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From Credit Crunch to Austerity Europe: how news narratives on the financial crisis are continually shifting and what this means for democracy

Final Report Summary - NEWS FLOW (From Credit Crunch to Austerity Europe: how news narratives on the financial crisis are continually shifting and what this means for democracy)

The aim of the study was to discover how news narratives about the economic crisis beginning in 2008 have developed over time, and what this can tell us about journalism’s role within democracies. At a time when the economic turmoil unleashed by the 2008 financial crash has led to political turmoil around the world, and when “fake news” has been accused of playing a central role in the turbulence, it is important to subject journalism on the crisis to scholarly investigation. Quantitative and qualitative analysis was performed on selected UK news items from five mainstream outlets between 2007 and 2015. Interviews with journalists were conducted to discover their views on and experiences with the coverage. The research found that, as the crisis progressed from a financial crash to global recession to public debt crises, it was continually reframed in the media. Each time, new information was added while other information was forgotten. This reframing and forgetting led to certain responses to the problems – including austerity and further economic liberalisation – being presented as “common sense”, while other options were excluded from public debate.

The deliverables planned were: a book, two journal articles, a symposium, two outreach activities, and an edited volume. In addition, there were five training objectives: 1. To acquire greater specialised knowledge within journalism studies; 2. To improve the researcher’s methodological skills; 3. To improve the researcher’s collaborative skills; 4. To improve the researcher’s leadership skills; 5. Scholarly publications. The researcher, with the support of the scientist-in-charge and the host institution, has completed the work planned, including designing a research framework and performing quantitative and qualitative research on the news coverage of the crisis. She has written up the results in a book, the manuscript for which is in the final stages of completion. She has also submitted three related articles to academic journals, and has organised an international symposium on the media and the economic crisis as well as several outreach activities. She is lead editor on an edited volume on "The Media and Austerity" to be published by Routledge, for which she is also contributing a chapter and an introduction and conclusion. She has delivered eight conference papers and five guest papers. She has undergone training in line with the training objectives. She has forged collaborations with colleagues at the host institution, Cardiff School of Journalism, Media & Culture, as well as City University and Goldsmiths College in the UK, the Annenberg School for Communication & Journalism at the University of Southern California, and the Amsterdam School of Communication Research.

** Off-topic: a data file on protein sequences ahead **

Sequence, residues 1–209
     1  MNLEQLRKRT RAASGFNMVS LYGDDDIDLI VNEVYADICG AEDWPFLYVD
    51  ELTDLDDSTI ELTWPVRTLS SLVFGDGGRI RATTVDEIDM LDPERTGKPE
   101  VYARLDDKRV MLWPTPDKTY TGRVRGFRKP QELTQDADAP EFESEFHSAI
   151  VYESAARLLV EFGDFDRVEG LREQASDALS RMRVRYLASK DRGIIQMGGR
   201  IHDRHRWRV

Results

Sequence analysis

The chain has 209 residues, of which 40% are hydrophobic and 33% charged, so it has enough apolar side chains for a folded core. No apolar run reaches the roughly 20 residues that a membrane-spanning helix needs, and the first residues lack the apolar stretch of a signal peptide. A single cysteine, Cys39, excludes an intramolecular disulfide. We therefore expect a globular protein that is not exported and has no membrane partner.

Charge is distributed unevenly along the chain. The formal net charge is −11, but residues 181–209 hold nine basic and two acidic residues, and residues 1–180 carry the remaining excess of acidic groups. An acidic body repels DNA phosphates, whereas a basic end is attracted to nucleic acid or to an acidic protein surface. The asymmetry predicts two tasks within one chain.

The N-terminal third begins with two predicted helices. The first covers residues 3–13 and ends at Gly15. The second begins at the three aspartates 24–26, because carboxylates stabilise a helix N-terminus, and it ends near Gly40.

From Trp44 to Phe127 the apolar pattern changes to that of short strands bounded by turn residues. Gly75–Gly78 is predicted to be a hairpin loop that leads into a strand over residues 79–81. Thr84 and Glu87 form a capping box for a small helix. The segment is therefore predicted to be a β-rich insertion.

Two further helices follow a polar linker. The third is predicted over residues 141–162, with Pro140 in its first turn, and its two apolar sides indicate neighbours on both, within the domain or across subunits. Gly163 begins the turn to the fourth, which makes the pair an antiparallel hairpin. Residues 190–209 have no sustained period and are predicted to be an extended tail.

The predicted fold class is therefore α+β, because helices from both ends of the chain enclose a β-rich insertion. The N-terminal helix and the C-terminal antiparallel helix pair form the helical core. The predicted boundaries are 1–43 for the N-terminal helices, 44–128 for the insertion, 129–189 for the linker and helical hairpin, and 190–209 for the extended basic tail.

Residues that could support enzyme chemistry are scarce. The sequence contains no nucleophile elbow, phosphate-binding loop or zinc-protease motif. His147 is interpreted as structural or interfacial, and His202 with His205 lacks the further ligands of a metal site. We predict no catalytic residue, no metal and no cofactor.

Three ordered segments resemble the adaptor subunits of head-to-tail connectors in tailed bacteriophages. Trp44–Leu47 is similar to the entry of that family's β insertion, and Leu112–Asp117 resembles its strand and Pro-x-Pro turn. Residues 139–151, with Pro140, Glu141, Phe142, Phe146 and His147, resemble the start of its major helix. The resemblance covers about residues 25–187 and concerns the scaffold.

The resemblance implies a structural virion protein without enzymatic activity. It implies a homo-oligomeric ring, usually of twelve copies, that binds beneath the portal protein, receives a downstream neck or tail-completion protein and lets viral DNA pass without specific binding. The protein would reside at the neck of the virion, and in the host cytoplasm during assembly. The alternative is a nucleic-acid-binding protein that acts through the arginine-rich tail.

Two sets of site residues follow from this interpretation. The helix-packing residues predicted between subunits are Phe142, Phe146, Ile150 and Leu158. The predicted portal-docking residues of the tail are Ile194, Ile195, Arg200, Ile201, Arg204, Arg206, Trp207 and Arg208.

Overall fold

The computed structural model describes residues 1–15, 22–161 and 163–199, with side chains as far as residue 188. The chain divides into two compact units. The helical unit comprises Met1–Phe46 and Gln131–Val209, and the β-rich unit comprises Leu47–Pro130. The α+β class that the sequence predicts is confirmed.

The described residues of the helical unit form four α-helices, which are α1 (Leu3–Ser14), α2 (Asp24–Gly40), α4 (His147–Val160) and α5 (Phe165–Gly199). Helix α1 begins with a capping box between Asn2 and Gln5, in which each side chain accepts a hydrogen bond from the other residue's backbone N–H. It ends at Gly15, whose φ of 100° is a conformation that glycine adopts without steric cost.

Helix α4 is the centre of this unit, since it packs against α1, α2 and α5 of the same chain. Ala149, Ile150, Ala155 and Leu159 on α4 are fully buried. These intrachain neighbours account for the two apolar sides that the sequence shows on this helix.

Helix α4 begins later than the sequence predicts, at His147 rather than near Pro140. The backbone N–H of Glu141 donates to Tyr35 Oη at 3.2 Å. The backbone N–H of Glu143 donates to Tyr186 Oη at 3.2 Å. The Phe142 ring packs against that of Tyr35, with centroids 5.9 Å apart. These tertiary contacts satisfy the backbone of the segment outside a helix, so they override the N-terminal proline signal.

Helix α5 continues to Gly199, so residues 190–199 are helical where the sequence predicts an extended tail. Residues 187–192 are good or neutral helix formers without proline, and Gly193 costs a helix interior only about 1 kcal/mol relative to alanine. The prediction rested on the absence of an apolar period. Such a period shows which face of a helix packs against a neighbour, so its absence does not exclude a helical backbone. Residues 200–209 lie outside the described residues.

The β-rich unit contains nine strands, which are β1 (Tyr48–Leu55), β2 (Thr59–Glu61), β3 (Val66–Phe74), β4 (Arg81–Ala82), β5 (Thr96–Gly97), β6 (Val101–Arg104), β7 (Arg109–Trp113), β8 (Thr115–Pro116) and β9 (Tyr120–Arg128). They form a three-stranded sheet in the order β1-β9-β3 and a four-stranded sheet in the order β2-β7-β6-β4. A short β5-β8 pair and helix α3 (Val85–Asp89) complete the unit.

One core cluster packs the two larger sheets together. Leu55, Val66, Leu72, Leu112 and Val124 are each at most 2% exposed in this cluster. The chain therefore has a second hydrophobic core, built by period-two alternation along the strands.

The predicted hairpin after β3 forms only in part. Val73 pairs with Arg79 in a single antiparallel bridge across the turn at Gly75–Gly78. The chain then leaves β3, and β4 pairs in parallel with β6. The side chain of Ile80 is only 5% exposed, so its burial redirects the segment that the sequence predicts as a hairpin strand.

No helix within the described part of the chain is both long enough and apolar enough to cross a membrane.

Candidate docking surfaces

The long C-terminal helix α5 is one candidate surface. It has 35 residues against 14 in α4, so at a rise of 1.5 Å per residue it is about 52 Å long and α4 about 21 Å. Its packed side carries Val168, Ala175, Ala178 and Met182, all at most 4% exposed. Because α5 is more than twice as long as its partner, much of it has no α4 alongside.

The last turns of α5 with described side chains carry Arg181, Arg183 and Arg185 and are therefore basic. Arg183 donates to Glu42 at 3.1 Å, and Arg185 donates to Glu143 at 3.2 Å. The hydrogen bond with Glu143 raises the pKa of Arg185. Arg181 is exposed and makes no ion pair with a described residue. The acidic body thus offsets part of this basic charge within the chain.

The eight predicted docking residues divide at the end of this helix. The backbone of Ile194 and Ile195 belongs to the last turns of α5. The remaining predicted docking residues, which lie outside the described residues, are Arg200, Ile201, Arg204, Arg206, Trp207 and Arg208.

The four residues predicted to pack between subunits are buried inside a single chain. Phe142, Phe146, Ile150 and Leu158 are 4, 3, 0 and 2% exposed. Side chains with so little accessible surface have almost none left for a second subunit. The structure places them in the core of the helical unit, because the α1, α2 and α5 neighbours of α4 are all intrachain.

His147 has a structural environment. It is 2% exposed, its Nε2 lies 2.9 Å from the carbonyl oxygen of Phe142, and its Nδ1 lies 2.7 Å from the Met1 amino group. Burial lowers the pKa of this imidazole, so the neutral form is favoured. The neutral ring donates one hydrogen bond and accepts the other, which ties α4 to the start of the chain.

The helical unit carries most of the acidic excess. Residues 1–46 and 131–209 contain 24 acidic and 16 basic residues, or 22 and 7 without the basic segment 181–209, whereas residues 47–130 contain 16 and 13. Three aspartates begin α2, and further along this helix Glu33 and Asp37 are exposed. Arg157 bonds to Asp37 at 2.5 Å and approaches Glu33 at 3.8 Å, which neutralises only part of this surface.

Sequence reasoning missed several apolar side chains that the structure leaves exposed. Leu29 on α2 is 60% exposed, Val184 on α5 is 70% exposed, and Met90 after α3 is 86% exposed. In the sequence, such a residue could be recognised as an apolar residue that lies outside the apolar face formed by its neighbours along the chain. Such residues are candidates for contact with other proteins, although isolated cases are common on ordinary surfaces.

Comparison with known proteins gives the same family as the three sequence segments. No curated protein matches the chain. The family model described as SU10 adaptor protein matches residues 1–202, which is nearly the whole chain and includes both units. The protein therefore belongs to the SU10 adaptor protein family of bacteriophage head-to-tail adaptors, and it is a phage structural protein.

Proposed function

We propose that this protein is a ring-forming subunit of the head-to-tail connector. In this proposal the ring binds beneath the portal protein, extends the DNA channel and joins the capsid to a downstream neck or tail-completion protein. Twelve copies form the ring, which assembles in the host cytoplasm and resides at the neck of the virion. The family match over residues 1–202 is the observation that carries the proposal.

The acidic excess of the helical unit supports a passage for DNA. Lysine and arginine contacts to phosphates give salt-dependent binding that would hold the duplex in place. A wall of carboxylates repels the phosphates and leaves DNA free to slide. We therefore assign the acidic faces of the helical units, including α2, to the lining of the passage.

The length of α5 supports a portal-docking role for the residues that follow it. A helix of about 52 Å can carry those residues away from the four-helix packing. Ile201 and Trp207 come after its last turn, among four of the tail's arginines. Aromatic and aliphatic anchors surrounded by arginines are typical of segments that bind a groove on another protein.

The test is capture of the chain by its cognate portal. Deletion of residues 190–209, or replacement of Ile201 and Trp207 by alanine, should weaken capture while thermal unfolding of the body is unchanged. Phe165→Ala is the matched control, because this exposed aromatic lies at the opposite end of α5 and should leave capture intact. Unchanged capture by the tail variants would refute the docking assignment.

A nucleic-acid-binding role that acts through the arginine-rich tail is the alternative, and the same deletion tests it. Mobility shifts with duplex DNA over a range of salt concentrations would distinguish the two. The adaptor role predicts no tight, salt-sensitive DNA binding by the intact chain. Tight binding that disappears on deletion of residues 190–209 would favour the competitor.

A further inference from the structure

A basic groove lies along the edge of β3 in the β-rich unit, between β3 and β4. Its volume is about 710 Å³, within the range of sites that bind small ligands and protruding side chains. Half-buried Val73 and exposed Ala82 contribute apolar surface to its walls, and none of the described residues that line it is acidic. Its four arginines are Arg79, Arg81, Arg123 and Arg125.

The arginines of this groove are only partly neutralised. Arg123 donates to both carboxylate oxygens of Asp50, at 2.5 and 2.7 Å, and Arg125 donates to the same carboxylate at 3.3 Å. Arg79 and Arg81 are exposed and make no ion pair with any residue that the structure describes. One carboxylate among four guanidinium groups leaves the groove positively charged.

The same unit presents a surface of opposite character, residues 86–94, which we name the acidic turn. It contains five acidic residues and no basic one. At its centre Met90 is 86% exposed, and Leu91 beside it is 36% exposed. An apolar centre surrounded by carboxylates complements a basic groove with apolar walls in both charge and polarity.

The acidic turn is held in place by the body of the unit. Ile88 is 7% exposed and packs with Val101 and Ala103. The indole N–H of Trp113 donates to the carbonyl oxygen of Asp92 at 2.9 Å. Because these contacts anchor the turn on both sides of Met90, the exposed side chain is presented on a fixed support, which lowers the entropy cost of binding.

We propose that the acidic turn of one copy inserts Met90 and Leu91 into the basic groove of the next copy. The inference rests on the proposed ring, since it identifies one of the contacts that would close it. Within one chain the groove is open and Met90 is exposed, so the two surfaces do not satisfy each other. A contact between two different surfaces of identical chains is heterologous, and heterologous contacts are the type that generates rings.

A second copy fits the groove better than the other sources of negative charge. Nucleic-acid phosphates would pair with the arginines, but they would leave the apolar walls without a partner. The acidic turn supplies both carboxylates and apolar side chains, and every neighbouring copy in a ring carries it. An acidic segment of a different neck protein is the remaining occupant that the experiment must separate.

The study has a strong social dimension and possible impact, being about an important social institution – journalism – and its role in a crisis that has defined an era. It has several possible stakeholders apart from academics. The book is targeted at the general public, who can use it to inform themselves about the media coverage of the crisis and to help make decisions as citizens. The research can further be used by civil society organisations; by journalists to help them reflect on their reporting; and by policy makers when developing media policy. Further scholarly articles and media interventions are planned in the next period, and there will likely be possibilities to extend and develop the research in the years to come.